Six Stones – Choosing an Adviser

My last post was about how hard it can be to trust somebody to help you with your questions, to have your best interests at heart.

One of the questions we asked was – how do you actually choose an adviser?

Because choosing who to work with is such a leap of faith, because an adviser is, by definition, an expert in an area you’re not.

So accessing the value of that expertise requires you to trust them.

It used to be we chose advisers on their mechanical skills, their specific knowledge and qualifications.

And sure, in some cases that’s what you’ll still want (if I’m looking at an arcane part of the law, you bet I want a lawyer with specific knowledge in that one area).

But that mechanical knowledge is cheap now.

With the sheer volume of information available now, it’s reasonable to expect that every expert has a base level of knowledge – or the ability to access it quickly and efficiently.

If we can take that expertise for granted, then how else do we distinguish the many different options in front of us?

We need to have a greater awareness of the real value the adviser can bring, and we identify that by asking questions beyond just “do they know their stuff?”.

More Questions

Questions like:

  • Are we on the same wavelength?

  • How can they help me?

  • Do they work with other people like me?

  • Will they do what they say?

  • And, critically, how do I feel when I speak with them?

Because in all but some of the most specialised cases, you have the power when selecting which adviser you will trust.

Now, what process do I think you should follow when engaging an adviser?

1.       Work out exactly what you need help with.

a.       Write down what the problem is and what a good outcome would be.

b.       Can you do it alone? If so, fantastic – is it worth you doing it alone?

c.       If not, then you’ll need to engage someone.

2.       Ask your friends and family for recommendations.

a.       Try to get details – what area did they help with, what did they do well, what could they have done better?

3.       Search online.

a.       But only briefly – avoid the rabbit hole of finding the ‘perfect’ review.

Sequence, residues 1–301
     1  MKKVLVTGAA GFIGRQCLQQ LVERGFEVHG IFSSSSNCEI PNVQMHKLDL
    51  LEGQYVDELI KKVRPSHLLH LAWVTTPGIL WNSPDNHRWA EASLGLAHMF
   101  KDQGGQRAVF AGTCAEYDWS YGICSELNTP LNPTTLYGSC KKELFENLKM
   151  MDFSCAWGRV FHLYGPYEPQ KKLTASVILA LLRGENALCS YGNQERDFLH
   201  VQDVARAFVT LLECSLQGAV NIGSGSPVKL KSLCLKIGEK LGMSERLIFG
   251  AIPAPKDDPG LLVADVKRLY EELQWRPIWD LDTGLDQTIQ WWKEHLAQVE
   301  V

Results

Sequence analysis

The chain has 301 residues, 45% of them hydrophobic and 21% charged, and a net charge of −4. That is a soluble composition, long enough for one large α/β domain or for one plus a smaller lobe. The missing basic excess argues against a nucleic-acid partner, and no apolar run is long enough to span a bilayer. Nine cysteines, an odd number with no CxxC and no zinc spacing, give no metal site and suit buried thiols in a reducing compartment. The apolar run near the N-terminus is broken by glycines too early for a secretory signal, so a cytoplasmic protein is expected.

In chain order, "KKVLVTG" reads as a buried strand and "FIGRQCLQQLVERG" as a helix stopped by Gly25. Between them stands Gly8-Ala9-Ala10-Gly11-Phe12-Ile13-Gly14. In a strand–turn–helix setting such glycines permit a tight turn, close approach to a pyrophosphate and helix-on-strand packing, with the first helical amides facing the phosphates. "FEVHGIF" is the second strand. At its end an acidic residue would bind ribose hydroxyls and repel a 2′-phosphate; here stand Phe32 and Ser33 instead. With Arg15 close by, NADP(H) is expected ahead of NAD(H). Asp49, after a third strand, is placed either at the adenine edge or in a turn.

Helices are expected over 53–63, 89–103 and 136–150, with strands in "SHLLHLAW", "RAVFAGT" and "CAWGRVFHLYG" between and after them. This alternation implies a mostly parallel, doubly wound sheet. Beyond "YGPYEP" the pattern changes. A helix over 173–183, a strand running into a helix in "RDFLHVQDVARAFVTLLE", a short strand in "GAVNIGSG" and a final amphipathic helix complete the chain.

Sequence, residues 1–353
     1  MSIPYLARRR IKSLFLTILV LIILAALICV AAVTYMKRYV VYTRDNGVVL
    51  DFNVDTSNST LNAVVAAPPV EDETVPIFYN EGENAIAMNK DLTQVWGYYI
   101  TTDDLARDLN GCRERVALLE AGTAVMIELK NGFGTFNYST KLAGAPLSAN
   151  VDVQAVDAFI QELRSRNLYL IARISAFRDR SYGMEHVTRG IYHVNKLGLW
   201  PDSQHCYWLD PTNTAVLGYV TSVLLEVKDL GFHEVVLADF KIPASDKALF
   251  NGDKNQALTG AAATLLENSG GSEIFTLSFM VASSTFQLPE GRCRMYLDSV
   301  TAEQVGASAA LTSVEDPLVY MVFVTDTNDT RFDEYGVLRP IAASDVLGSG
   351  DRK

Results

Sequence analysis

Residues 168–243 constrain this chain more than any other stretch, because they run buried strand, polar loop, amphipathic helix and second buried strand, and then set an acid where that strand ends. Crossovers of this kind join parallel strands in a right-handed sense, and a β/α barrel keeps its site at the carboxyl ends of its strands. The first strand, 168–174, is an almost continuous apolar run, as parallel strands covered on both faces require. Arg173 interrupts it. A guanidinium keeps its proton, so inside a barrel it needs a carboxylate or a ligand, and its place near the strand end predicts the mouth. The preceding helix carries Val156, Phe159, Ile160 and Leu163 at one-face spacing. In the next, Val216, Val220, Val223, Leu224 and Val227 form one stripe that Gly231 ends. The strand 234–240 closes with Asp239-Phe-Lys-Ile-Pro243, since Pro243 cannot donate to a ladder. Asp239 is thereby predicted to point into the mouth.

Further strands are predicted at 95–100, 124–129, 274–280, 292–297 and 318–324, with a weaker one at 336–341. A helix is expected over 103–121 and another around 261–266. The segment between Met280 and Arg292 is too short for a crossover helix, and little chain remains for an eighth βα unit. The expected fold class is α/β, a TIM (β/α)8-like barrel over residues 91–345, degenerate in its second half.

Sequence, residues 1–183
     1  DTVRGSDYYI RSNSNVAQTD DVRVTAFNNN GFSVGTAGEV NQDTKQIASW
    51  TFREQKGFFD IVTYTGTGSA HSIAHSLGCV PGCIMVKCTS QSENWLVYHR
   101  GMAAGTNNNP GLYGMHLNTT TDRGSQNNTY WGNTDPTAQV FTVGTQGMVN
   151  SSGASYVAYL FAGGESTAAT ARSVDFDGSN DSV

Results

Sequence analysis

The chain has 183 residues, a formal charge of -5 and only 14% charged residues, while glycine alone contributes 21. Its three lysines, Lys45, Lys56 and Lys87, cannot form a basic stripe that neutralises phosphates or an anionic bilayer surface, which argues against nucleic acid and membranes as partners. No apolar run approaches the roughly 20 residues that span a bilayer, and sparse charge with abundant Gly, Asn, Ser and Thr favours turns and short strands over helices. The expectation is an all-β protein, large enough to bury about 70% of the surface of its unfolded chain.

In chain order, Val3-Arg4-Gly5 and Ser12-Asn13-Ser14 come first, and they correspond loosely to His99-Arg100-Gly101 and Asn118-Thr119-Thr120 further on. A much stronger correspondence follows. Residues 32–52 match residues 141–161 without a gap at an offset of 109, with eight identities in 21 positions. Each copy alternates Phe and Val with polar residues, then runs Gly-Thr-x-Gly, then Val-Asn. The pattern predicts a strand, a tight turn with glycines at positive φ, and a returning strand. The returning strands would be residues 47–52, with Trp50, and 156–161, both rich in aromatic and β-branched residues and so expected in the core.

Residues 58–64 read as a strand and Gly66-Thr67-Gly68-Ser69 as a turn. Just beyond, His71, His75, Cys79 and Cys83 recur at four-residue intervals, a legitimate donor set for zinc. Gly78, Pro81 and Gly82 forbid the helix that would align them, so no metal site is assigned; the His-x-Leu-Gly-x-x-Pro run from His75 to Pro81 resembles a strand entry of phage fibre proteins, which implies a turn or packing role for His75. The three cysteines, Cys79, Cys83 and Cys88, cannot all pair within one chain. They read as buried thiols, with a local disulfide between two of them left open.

b.       You’re just looking for a few names for your list and validation of the names your family and friends have given you.

4.       Choose at least three to call – and no more than five.

a.       Any more than five and you run the risk of being paralysed by the decision.

b.       Fewer than three and you won’t get sufficient exposure to a range of approaches.

5.       Ask some initial questions to work out if it’s a good fit. Some might be:

a.       What kind of people do you normally help?

b.       How long have you been doing this?

c.       Most uncomfortably – how do you charge for your work?

d.       None of these are ‘yes’ or ‘no’ questions, and your acceptance of the different options will be different from everyone else’s.

6.       Meet with at least three different options.

a.       Explain to them that you’re exploring your options and would like to discuss how they work.

b.       Appreciate that they won’t, or can’t, or definitely shouldn’t answer your issues in that first meeting.

c.       Think of it as a job interview.

7.       Have them send you a written summary of what they’re offering.

8.       Choose one to work with.

a.       And work with them in good faith, with some confidence in your decision. You’re on the same team now.

This is not going to be a quick process, which is good.

Each step helps you solidify in your mind what you’re seeking – and each contact with your options is an opportunity to gauge how you feel about them.

And this process will help you to find someone you can trust, with confidence that you’ve been careful in doing so.

Often, this person is going to be joining you down in the trenches, so it’s important to pick someone you can trust.

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